Prostate Cancer

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Treatments, Symptoms and Detection

Prostate cancer
is one of the most common types of cancer among men but there are several misconceptions about the disease.

The prostate is a small gland, about the size of a walnut in younger men, located at the base of the urinary bladder. The urethra is practically surrounded by the prostate gland and part of the function of the prostate is to aid in urination control.

The prostate tends to grow larger with age, a condition known as benign prostatic hyperplasia (BPH). This enlargement can cause symptoms similar to those of prostate cancer, often leading to unfounded fears among men who experience frequent need to urinate or other urinary problems.

Prostate cancer is a tumour formed from malignant cells in the prostate, often stimulated by testosterone. Normally, the tumour grows very slowly and is confined to just the prostate and the sufferer is often unaware of the disease, but in some cases the growth rate can increase, causing the cancer to spread outside the prostate to other parts of the body such as the liver and lungs.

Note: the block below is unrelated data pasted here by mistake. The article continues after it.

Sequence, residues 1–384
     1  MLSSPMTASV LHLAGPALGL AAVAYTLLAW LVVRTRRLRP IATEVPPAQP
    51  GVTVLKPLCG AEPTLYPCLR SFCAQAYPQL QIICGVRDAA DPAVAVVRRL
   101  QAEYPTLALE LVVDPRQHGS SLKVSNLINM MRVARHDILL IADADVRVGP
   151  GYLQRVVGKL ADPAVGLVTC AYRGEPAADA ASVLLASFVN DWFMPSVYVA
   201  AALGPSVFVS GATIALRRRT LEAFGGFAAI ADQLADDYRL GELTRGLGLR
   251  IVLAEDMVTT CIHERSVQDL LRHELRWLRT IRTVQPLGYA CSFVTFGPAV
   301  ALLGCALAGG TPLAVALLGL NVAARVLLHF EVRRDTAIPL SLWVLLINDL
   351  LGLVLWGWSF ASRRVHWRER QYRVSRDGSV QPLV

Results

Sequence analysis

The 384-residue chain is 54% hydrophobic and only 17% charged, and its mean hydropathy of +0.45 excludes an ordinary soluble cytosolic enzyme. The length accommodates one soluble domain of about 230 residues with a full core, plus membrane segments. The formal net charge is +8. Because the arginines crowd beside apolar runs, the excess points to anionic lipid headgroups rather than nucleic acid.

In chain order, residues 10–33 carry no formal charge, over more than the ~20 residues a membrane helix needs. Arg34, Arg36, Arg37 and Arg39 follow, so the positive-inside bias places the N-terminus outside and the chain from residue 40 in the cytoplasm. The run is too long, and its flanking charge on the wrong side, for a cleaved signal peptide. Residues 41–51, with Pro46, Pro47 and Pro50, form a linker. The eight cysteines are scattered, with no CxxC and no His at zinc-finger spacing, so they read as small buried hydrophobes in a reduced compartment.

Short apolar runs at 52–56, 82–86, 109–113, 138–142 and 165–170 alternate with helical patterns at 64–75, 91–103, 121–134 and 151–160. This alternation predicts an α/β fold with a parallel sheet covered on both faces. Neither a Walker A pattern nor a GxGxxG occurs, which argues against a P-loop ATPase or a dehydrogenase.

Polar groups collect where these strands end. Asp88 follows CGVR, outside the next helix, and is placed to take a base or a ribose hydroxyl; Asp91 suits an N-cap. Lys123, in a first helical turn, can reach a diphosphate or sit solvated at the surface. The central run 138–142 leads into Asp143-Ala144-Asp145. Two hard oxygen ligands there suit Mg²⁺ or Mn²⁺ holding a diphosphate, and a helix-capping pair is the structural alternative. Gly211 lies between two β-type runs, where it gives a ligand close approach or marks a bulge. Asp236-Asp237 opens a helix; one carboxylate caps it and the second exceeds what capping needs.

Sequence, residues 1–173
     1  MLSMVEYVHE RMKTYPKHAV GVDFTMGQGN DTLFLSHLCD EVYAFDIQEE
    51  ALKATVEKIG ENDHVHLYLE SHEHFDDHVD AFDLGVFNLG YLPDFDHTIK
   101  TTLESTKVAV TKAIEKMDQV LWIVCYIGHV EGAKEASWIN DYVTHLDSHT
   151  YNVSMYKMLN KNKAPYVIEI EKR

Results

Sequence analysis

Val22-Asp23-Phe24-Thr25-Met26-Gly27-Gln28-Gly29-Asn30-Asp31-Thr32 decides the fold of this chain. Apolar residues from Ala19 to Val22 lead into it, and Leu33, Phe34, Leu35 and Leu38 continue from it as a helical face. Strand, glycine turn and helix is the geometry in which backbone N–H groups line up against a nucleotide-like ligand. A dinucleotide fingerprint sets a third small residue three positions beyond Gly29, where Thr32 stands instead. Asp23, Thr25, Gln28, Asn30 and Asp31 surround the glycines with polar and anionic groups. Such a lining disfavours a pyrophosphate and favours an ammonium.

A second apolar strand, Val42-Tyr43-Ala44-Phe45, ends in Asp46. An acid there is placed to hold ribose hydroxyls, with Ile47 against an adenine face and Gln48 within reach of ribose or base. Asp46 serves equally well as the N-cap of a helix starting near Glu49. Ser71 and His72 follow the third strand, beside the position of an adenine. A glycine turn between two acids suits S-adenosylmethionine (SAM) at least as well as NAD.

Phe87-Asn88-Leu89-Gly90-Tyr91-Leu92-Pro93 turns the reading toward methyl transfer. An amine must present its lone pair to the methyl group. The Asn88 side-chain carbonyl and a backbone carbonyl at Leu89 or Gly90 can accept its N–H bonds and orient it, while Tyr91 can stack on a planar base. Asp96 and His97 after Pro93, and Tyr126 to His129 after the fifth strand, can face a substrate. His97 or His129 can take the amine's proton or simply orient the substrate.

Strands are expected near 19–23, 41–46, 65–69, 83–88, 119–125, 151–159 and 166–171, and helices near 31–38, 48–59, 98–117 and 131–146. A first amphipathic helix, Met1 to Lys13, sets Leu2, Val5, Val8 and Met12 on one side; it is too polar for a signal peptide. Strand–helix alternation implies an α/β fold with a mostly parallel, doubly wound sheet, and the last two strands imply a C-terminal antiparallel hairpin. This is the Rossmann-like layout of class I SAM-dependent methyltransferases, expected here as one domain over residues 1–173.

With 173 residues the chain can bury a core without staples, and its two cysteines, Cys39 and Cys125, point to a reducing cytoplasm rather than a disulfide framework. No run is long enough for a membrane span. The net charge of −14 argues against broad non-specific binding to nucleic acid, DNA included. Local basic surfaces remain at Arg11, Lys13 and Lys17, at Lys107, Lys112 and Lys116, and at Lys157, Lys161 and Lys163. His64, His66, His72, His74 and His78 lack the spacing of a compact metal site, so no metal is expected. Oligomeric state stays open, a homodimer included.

Prostate cancer is more prevalent among men older than 40, so doctors recommend that screening tests be carried out at regular intervals for those aged 40 or more.
There are basically two types of screening tests, a digital rectal examination to check for enlargement or abnormalities in the prostate, or a blood test known as prostate specific antigen (PSA), which checks for raised levels of a specific protein in the blood stream.

Neither method is conclusive, but is used to indicate whether further tests are warranted. A true result is obtained through biopsy of small samples taken from the prostate, from which a pathologist can make an assessment of the type of cancer, if any, and produce a grading known as the Gleason’s score. A score of 6 indicates a low grade disease while 8 to 10 indicates a more aggressive disease.

Treatment of prostate cancer can take a number of forms. If the cancer is localised to the prostate gland, then surgery, hormonal therapy, radiation therapy or, in some cases, cryotherapy are used. A new technique involving ultrasound is also under investigation, but this has yet to be approved.
Prevention is better than cure, so the saying goes, but the jury is still out on methods to prevent prostate cancer. Some researchers have suggested that low-fat diets or diets containing soybean products can prevent prostate cancer. At present, the best weapon is early detection through screening tests.

Rest assured, a diagnosis of prostate cancer is not a death sentence. Many men can and do live with prostate cancer without experiencing health problems. But if you’re over 40, get that screening test done!

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